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All democratic countries have rules about who has the right to vote, known as the franchise, in their elections. This is usually based on nationality, age and residence. The right to vote in national and local elections may vary. Most countries restrict voting in national elections to their own citizens, but some allow foreign nationals to vote in local elections.

This briefing explains the franchise and who has the right to register to vote in elections in the UK. It also provides information on some of the registration criteria, such as residence, nationality and legal incapacity to vote. 

In recent years the rules on who can vote in which election in the UK have diverged depending which bit of the UK someone lives in. The right to vote in UK elections is summarised in the table below.

Table of voting rights

UK parliament elections

Across the whole of the UK, to vote in an election for the UK Parliament someone must:

  • be registered to vote in the constituency
  • be of voting age – 18 years old on polling day
  • be either a British citizen, a qualifying Commonwealth citizen or a citizen of the Republic of Ireland
  • and not be subject to any ‘legal incapacity’ to vote – prisoners serving a sentence for a conviction cannot vote in UK parliamentary elections and neither can peers in the House of Lords.

The eligibility of Irish and Commonwealth citizens to vote in UK elections comes from the historic links between the UK and Ireland and between the UK and countries of the former British Empire.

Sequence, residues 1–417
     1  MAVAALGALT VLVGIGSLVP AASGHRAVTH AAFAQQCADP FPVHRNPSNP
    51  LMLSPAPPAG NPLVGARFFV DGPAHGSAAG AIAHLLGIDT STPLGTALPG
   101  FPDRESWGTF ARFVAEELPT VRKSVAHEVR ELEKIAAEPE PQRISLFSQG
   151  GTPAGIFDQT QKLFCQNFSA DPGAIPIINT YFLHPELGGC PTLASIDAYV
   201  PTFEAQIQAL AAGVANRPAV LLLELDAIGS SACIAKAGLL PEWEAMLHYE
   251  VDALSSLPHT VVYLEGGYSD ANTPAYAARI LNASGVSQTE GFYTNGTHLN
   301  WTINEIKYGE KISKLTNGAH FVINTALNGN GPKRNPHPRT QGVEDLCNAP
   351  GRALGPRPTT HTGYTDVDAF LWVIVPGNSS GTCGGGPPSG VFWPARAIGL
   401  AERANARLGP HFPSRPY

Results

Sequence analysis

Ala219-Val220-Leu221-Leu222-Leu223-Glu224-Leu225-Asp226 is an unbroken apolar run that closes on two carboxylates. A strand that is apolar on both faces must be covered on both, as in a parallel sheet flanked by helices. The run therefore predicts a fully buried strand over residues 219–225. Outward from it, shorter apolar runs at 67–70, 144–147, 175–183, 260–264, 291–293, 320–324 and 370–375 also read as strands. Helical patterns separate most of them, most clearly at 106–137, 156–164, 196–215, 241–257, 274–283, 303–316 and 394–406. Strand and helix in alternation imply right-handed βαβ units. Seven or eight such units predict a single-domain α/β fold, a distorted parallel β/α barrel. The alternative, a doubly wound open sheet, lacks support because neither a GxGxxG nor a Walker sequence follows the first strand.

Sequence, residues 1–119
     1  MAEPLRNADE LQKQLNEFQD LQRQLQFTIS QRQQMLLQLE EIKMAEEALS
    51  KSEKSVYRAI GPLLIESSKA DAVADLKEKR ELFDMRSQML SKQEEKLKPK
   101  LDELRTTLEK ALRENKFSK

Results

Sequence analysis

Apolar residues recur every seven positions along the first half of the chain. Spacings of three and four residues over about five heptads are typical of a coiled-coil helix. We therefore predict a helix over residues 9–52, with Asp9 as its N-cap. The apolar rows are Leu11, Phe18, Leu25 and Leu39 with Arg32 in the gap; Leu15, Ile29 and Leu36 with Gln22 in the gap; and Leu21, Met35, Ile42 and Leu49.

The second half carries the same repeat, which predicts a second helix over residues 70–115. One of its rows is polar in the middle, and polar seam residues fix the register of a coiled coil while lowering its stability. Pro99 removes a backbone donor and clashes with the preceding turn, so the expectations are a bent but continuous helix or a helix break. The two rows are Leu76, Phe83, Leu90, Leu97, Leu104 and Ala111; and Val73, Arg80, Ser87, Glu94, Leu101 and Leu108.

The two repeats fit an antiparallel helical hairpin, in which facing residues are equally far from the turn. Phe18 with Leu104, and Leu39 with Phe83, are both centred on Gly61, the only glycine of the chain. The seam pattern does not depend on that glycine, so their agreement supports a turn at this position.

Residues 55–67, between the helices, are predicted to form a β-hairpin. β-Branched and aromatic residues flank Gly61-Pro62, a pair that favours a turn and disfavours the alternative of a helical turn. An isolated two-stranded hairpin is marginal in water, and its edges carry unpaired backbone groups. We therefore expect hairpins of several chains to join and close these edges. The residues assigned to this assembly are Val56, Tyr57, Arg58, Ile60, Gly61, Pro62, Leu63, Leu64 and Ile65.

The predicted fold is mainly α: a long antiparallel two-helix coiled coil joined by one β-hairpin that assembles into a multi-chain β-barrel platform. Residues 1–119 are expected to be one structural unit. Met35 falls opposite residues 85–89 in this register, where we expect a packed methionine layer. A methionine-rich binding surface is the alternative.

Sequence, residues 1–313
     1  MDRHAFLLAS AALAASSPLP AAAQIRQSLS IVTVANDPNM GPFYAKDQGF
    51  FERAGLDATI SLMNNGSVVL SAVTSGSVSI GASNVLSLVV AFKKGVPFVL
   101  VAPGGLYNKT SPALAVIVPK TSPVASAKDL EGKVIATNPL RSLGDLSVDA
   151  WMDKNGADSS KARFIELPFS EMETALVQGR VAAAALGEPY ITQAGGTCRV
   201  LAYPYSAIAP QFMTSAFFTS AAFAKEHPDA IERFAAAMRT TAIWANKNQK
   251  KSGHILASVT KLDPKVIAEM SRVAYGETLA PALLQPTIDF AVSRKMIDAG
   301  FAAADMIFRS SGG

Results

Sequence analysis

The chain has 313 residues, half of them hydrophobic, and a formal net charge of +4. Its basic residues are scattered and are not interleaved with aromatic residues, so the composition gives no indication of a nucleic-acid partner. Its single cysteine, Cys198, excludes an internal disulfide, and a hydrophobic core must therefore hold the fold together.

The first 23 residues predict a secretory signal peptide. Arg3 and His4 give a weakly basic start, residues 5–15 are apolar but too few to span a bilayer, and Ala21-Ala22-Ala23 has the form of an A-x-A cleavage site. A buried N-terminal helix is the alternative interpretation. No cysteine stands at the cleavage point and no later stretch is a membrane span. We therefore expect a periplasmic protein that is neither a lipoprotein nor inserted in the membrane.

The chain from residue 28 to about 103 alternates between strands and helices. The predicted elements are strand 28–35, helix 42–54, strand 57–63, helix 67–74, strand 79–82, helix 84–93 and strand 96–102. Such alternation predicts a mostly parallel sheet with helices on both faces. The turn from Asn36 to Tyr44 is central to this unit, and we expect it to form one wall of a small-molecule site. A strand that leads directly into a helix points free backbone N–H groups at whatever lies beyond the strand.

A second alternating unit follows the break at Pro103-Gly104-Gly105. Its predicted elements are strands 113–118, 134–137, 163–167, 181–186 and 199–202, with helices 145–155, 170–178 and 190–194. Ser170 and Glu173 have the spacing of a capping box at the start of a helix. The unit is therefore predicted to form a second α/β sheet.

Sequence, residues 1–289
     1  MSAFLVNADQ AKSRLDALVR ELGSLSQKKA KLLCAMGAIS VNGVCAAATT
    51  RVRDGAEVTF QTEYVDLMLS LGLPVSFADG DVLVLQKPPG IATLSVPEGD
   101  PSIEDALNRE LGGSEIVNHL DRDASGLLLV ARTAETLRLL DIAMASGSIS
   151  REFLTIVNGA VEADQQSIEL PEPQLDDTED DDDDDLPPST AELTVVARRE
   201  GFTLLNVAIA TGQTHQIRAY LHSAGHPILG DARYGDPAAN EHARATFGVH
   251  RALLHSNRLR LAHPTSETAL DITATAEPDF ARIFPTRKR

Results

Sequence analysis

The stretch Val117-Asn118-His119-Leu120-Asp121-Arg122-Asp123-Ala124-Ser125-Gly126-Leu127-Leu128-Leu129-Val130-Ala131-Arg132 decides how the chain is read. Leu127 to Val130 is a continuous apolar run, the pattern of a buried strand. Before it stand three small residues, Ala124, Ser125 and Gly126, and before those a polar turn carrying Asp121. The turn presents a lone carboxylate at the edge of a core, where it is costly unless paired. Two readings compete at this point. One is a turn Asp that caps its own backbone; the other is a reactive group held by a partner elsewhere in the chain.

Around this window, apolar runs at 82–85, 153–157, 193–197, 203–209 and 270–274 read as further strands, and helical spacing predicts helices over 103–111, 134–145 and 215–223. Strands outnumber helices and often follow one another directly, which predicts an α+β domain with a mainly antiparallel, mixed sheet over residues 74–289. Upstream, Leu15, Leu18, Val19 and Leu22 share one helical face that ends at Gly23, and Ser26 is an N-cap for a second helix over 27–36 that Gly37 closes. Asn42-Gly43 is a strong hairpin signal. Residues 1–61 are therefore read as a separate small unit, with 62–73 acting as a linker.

Local elections

For local elections in England and Northern Ireland the rules are the same as they are for UK Parliament elections with two main exceptions. Members of the House of Lords and EU citizens resident in the UK can vote in local elections if they meet the age and residency requirements, but they cannot in UK Parliament elections.

The franchise for devolved elections in Scotland and Wales is the responsibility of the respective devolved administrations. Both have made changes to reduce the voting age and to allow foreign nationals to vote. These changes also apply to elections to the Scottish Parliament and the Senedd Cymru.

Scotland

The main differences for Scottish Parliament elections and local elections in Scotland are:

  • Registered 16-year-olds and 17-year-olds can vote
  • All legally resident foreign nationals can also register to vote (not just EU nationals)
  • Convicted prisoners who are detained and serving a sentence of 12months or less may now register to vote in local and Scottish Parliament elections.

Wales

In Wales the franchise has also been changed for elections to the Welsh Parliament/Senedd Cymru and local elections: 

  • Registered 16-year-olds and 17-year-olds can vote
  • All legally resident foreign nationals can also register to vote for local elections and Senedd Cymru elections (not just EU nationals).

Decisions on police and crime commissioner (PCC) elections are reserved to the UK Government. The voting age will remain 18 for PCC elections in Wales and only registered British citizens and qualifying Commonwealth and Irish citizens will be able to vote. All convicted prisoners serving a prison term are still prohibited from voting in Senedd Cymru and Welsh local elections.

EU citizens’ voting rights

Citizens of an EU country living in another EU country have the right to vote in local elections. While the UK was a member of the EU this right applied to EU citizens resident in the the UK.

Following the UK’s exit from the EU changes have been made to the right to vote in local elections in England and Northern Ireland. After local elections in England in May 2024, these will change depending on when a person moved to the UK and from which country. This will include PCC elections in Wales. These changes will not affect the voting rights for EU and other foreign nationals in Scotland and Wales.


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